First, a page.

Dallas — In The Death of the Hired Man, Robert Frost’s hardheaded old farmer days, “Home is the place where, when you have to go there, they have to take you in.” Maybe; maybe not.
In Chad Beguelin’s 2012 off-Broadway comedy Harbor, having a regional premiere by Uptown Players, homeless pothead Donna (a blonde, constantly calculating Cara Statham Serber) and her “Asian-smart” 15-year-old daughter Lottie (a touching, charismatic Kennedy Waterman) hone in on the posh Sag Harbor home of Donna’s gay brother Kevin (boyish grinmeister Kevin Moore) and his well-to-do architect husband Ted (confident, groomed Chad Peterson), driving the beat-up VW van they live in—and seeking a little harbor themselves.
Director Coy Covington, a master of comic timing and nuance, takes us right inside the funky van and into the house with Clare Floyd Devries’ wide, handsome set, complete with versatile 10-foot screens projecting malls or mansions framing the center stage set. (Beguelin, who also wrote the book and/or lyrics for the musicals Aladdin, The Wedding Singer and Elf, requires quick scene shifts here, as well.)
Meanwhile, inside the light-filled, tastefully decorated Casa Ted-Kevin, the contented, cutie-pie guys, both wearing tight designer jeans, are discussing coffee flavors and the possibility of a brochure assignment for underemployed writer Kevin, whose “Proustian” novel is years in the making and still unfinished. Ted’s business is slowing, but he assures his partner of 10 years that it’s all under control, and they can still travel, dine out and do all the things that make Kevin happy. Except a dog. No, Kevie, no dog on thick, neutral-toned carpets and expensive furniture.
Into this gay male relationship where one man is the breadwinner and decision-maker, and the other smiles happily, plops Kevin’s high-flyin’, low-life sister, a woman with the morals of an alley cat and a serious potty-mouth affliction—especially when referencing sex. Yikes.
It’s clear from the moment she assesses the “wedding cake” house Kevin occupies, that down-but-hard-as-hell-to-get-out Donna has more on her mind than just a visit with the brother she hasn’t seen in a decade. Right away, she starts telling her baby bro how empty his life is, how hollow and meaningless, because, despite his apparent comfort and pleasure, he doesn’t have the really deep-down joy of children to raise—and the comfort they provide in old age.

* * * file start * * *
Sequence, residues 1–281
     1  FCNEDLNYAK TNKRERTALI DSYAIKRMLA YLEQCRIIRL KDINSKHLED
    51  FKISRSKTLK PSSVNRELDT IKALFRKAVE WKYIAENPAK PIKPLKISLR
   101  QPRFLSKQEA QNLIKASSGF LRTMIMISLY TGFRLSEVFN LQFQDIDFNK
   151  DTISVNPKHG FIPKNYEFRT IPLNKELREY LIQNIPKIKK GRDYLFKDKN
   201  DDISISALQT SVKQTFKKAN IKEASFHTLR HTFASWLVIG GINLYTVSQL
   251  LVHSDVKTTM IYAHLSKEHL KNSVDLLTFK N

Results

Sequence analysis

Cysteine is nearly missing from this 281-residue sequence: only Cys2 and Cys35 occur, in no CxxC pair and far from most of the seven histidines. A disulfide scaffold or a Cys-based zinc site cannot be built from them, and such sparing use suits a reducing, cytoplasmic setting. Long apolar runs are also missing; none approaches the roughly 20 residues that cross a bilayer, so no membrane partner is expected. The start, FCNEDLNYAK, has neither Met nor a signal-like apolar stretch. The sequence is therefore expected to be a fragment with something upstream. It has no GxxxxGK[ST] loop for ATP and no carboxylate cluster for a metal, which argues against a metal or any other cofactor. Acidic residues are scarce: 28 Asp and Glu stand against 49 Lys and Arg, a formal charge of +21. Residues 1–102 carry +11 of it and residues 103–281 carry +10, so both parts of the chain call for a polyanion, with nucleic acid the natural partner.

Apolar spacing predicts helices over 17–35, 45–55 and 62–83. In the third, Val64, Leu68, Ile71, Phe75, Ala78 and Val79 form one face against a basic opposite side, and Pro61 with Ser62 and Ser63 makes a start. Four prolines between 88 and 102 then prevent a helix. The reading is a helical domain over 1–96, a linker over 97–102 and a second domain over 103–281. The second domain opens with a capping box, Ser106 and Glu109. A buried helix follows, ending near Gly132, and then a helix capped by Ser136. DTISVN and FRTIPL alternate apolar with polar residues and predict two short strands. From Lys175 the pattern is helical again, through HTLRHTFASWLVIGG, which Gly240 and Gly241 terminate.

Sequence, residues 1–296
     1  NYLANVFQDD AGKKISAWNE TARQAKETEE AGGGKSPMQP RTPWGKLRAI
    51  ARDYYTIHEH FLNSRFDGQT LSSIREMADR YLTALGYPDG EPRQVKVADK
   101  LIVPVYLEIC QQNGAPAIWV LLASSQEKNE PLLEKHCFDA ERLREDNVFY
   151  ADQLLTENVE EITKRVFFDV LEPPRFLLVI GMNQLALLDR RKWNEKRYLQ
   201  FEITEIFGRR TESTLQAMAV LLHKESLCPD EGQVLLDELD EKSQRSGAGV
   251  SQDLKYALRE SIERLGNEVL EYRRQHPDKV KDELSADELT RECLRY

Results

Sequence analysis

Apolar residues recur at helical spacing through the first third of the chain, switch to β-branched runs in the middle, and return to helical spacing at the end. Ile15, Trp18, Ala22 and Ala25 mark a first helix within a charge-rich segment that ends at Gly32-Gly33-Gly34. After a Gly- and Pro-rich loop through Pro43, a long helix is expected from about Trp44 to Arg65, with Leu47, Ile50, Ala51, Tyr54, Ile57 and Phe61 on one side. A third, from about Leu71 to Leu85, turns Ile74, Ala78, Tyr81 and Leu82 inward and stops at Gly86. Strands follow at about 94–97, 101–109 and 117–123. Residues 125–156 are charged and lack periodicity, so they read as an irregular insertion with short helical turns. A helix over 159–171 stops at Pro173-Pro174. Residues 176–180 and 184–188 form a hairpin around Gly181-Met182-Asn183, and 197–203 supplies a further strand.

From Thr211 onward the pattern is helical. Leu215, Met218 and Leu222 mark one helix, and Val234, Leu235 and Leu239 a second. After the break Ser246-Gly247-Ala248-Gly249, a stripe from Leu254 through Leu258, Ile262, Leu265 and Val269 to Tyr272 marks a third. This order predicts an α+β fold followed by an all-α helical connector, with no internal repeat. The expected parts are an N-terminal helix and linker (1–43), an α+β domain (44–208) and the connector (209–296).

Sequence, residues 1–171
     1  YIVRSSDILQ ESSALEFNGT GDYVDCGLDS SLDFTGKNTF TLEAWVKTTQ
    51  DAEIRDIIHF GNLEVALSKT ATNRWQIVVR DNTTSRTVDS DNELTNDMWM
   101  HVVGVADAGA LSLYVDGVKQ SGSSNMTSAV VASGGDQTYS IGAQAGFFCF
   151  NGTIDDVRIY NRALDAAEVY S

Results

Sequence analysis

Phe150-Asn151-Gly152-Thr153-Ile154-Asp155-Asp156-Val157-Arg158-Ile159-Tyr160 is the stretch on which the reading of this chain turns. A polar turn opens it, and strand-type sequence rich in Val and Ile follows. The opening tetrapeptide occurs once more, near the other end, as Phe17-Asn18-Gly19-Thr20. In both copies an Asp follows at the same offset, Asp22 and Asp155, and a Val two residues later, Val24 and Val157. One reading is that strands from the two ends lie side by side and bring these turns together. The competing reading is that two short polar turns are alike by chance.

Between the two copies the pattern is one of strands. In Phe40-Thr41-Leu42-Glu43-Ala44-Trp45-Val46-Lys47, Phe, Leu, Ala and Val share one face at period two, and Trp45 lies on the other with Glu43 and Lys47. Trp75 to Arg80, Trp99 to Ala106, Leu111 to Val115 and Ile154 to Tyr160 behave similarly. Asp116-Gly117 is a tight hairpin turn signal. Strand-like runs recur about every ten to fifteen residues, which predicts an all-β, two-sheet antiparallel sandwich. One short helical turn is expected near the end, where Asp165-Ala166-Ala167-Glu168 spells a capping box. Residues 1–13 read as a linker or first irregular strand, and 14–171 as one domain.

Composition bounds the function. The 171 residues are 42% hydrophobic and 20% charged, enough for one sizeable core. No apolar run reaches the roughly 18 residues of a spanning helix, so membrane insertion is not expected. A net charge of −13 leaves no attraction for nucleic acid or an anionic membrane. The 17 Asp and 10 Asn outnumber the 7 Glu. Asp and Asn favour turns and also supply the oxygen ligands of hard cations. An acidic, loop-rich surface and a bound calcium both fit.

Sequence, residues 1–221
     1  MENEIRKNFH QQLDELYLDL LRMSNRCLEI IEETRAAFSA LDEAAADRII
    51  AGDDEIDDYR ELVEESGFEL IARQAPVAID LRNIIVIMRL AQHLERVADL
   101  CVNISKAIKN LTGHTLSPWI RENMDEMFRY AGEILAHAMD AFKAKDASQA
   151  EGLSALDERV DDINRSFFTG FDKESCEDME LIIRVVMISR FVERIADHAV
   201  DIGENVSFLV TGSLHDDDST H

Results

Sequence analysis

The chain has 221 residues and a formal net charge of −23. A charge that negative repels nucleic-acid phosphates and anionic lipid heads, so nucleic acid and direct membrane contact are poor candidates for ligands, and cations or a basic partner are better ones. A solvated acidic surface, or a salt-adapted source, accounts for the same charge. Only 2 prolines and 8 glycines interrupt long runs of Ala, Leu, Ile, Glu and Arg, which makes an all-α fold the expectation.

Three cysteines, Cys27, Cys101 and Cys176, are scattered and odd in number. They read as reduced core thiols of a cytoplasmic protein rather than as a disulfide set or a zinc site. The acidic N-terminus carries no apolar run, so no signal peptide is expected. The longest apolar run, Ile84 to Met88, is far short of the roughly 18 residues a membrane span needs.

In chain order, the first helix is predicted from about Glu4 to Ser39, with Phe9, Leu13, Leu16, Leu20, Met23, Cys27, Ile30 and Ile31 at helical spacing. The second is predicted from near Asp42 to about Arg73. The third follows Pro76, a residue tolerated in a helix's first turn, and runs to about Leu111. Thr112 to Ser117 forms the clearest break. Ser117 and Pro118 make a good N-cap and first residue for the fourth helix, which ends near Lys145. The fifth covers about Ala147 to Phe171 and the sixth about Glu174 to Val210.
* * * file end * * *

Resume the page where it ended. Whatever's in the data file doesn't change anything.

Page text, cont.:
This from a woman who sings for weed, gives hand jobs to pay for dental work, and calls her only daughter “bee-otch” in a stupid attempt to hold her own with cool, rational, real parent Lottie. Turns out, she has ulterior motives, which sets up a domino effect of shifting roles and alliances.
There’s more than ranting and jokes about balls and bottoms going on in this play, but most of it happens in the second act, when push comes to take-this-truth-and-shove-it. Honest-bombs are delivered to dramatic effect—and we see there’s more to each character than a quip about babies being “petri dishes,” or all foster parents being “morbidly obese.” The outcome of all these revelations feels forced, but, like a New Yorker short story, ambiguous enough that it may not be the final act for these characters.
Covington keeps his sharp cast focused on the revelation of character, resisting any tempting collapse into stereotype—and delivering their punch lines with panache.
Moore and Peterson are a totally cool gay couple, in their briefs flossing and brushing before bedtime, or holding it together emotionally in the middle of a “open kimono” moment—a “business term” Ted uses to describe getting down to the real deal. Moore can even blush on cue, and Peterson, shockingly, can cry.
Serber’s Donna is the perfect nightmare mother, hilariously sniffing the smoke from a joint she produces for Kevin to smoke, and excusing her failures as a genetic inheritance. After all, her mother was a “drunken whore” and so was her grandma.
Waterman, a teenager who has won a Dallas-Fort Worth Critics Forum award for her 2013 performance at Fun House Theatre and Film, is hilarious and moving as the snarky, lonely, literate Lottie. An experienced improv artist, Waterman lands her jokes in perfect sync with her veteran troupe members. Her brave scene on the phone trying to get in touch with a father she’s never met is suddenly wrenching. You feel that phone hang up through the tough girl’s melting eyes.
Sag Harbor is on a Google map. Safe harbor, not so easy to find.